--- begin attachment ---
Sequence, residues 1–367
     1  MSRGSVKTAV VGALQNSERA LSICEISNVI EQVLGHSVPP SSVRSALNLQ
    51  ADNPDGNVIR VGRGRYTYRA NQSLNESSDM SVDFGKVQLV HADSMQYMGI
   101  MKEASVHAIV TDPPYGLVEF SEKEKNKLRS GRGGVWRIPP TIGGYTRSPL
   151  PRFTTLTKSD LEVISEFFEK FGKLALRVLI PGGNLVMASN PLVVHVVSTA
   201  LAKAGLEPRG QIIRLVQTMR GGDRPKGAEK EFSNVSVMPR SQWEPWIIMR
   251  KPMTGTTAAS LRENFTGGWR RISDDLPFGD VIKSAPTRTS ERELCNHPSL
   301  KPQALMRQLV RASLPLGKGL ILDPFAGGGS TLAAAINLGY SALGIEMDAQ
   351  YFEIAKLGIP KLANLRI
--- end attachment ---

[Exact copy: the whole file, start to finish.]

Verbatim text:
Sequence, residues 1–367
     1  MSRGSVKTAV VGALQNSERA LSICEISNVI EQVLGHSVPP SSVRSALNLQ
    51  ADNPDGNVIR VGRGRYTYRA NQSLNESSDM SVDFGKVQLV HADSMQYMGI
   101  MKEASVHAIV TDPPYGLVEF SEKEKNKLRS GRGGVWRIPP TIGGYTRSPL
   151  PRFTTLTKSD LEVISEFFEK FGKLALRVLI PGGNLVMASN PLVVHVVSTA
   201  LAKAGLEPRG QIIRLVQTMR GGDRPKGAEK EFSNVSVMPR SQWEPWIIMR
   251  KPMTGTTAAS LRENFTGGWR RISDDLPFGD VIKSAPTRTS ERELCNHPSL
   301  KPQALMRQLV RASLPLGKGL ILDPFAGGGS TLAAAINLGY SALGIEMDAQ
   351  YFEIAKLGIP KLANLRI